Still, the group has proven to be resilient. Al-Shabaab stunned local residents in October 2016 by swiftly taking back control of three Somali towns after the departure of Ethiopian troops. Later in the month they detonated a car bomb at an African Union base in the town of Beledweyne.
“It’s guerrilla fighting on the cheap, and they’re quite efficient at using the means that they have, and that means the insurgency can go on for years,” said Stig Hansen, a fellow at Harvard University’s Belfer Center and the author of the book Al-Shabaab in Somalia. “The key is to establish security for the villages in the countryside where they get taxes. Until that is done, Shabaab can stay alive.”
Taxing and Extortion
It is typical for terror groups to live off the land and demand money from citizens in occupied areas. Al-Shabaab went a step further and institutionalized the process. The group created a Ministry of Finance known as the Maktabatu Maaliya and recorded extensive information about the economic activity going on in territory it controlled. The ministry was typically headed by a Somali with advanced education or someone who had spent time abroad. One notable head was Ibrahim Afghani, who controlled the ministry until he fell out of favor and was later killed in 2013.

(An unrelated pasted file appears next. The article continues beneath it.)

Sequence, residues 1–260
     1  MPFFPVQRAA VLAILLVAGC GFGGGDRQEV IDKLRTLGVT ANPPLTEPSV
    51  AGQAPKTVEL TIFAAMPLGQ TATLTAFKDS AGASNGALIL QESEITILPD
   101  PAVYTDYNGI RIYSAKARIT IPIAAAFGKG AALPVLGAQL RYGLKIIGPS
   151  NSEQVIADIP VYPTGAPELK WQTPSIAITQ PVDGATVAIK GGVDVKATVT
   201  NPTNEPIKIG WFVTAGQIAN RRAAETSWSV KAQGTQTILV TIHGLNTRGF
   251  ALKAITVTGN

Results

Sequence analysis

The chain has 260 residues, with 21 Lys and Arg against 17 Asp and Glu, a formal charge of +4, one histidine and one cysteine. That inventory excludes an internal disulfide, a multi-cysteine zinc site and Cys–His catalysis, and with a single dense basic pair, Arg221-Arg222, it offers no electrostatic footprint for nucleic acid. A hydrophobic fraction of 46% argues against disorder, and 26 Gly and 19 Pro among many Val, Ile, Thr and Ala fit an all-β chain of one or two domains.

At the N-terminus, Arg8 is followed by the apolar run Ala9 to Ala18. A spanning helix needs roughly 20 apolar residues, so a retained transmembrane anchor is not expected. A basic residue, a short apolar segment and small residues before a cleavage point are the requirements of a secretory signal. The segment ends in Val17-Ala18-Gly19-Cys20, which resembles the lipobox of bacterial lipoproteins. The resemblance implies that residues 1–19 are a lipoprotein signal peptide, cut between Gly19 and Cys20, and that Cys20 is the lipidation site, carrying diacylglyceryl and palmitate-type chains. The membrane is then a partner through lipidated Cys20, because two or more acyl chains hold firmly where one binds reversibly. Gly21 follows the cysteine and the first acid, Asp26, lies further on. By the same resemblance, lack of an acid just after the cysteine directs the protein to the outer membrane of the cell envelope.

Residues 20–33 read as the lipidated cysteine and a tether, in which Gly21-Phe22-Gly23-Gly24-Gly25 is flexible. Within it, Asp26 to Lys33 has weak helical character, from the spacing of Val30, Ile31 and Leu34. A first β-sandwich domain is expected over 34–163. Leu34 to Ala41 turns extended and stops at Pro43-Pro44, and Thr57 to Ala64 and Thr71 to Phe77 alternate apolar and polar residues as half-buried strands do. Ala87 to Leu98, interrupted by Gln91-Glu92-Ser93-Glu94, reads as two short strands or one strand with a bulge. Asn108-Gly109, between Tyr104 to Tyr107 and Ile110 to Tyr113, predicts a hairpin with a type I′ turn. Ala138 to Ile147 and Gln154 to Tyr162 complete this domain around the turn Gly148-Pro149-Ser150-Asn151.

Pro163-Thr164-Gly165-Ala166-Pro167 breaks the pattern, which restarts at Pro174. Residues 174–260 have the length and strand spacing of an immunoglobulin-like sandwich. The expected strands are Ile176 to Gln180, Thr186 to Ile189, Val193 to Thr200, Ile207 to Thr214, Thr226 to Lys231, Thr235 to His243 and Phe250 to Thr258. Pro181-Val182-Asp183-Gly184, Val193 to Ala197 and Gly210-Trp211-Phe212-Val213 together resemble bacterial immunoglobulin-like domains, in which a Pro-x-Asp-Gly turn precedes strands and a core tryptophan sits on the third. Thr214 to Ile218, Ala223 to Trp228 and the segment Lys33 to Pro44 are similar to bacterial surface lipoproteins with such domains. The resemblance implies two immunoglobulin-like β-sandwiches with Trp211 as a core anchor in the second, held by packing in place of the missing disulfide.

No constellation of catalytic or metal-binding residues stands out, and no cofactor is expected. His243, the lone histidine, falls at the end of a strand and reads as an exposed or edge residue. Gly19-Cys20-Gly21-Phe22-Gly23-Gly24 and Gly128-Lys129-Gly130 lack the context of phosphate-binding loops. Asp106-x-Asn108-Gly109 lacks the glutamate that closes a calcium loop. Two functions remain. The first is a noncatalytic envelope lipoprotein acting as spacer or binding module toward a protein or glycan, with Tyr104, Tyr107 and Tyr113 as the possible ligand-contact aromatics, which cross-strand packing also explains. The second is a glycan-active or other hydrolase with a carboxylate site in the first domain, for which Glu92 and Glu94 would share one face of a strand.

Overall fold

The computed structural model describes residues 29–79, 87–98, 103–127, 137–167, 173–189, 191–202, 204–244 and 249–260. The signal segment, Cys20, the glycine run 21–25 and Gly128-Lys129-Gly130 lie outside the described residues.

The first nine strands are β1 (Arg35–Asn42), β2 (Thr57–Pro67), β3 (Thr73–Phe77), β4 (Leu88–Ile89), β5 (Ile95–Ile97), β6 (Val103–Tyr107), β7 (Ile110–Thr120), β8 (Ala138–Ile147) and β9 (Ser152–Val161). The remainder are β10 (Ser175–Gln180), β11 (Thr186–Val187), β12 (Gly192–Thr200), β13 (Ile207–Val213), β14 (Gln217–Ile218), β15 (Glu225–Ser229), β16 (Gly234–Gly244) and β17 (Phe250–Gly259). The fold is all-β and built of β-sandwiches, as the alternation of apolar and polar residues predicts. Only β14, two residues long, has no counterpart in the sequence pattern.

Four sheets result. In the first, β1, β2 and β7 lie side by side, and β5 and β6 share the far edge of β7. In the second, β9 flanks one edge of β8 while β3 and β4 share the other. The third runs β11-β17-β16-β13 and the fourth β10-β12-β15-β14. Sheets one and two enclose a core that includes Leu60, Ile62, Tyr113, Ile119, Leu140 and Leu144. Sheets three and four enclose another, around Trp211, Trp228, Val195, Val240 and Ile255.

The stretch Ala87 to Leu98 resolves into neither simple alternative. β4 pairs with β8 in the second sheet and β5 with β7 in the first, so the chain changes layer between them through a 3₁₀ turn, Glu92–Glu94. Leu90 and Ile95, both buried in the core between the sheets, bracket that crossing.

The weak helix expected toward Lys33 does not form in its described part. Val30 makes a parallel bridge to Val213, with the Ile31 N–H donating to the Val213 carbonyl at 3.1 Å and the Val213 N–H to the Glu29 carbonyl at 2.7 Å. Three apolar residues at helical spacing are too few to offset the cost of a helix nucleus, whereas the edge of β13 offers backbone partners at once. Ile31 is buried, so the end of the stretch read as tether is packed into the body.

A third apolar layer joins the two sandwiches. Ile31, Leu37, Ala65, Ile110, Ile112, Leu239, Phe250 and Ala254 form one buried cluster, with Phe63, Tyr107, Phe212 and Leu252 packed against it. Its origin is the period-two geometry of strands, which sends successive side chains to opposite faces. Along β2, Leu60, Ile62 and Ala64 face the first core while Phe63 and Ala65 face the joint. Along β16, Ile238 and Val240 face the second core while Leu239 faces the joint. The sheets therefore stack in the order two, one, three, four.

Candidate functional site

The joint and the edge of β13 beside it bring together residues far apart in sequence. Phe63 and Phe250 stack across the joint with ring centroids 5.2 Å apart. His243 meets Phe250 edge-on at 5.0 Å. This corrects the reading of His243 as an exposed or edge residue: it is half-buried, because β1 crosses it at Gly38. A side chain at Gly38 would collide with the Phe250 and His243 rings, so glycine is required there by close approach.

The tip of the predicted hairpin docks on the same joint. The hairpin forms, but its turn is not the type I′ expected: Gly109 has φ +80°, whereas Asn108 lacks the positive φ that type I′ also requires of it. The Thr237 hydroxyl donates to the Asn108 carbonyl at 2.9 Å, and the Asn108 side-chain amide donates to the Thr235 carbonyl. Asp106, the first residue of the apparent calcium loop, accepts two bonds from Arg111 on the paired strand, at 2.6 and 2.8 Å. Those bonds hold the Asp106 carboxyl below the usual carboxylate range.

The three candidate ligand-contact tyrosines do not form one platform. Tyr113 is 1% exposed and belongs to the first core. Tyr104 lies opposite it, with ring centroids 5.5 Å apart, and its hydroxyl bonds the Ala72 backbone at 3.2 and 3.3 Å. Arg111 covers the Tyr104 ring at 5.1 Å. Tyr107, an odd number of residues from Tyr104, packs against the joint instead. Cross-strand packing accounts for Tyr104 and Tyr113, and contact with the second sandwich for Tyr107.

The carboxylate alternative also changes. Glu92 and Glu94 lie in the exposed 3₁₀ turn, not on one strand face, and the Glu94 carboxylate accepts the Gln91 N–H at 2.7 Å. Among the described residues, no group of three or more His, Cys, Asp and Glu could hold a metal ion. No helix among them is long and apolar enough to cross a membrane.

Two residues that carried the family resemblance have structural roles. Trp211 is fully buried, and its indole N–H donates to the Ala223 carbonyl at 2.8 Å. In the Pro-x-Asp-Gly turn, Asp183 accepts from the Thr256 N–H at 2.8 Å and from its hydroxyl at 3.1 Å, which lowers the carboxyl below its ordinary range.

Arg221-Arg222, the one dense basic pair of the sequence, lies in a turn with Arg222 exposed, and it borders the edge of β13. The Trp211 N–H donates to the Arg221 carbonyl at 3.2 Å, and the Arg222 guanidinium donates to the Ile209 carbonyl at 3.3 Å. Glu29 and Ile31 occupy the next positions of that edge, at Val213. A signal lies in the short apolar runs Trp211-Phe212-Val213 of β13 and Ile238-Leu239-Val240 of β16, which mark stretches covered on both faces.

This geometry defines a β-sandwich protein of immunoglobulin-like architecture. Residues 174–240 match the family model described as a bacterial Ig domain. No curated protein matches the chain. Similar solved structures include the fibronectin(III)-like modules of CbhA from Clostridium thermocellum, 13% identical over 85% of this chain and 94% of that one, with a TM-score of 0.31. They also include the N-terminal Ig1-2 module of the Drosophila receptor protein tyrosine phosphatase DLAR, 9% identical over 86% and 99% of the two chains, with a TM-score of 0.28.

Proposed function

Through the ministry, al-Shabaab instituted a sales tax on commercial transactions, a land tax on farmers and aggressively collected the 2.5 percent zakat. In some places shop owners were forced to pay a “protection fee” to avoid having their goods stolen. In Bakara Market in Mogadishu, for example, vendors had to pay a transport tax to move goods in or out and paid $50 to $250 per month for protection.
“If al-Shabaab did one thing well it was rigorously collect taxes and scrape every dollar from the Somali economy,” the online news site Somalia Report said. “It is clear that al-Shabaab was far more diligent and successful collecting taxes than the [Somali government] ever was.”
In the port town of Kismayo, the group taxed goods entering and leaving the port. Boats paid $2,000, and dhows paid $1,000 to dock there.
The key to blocking this revenue source for al-Shabaab is taking back territory and offering consistent security after the territory is liberated. African Union Mission in Somalia (AMISOM) forces retook the Bakara Market in 2011 and the port of Kismayo in 2012.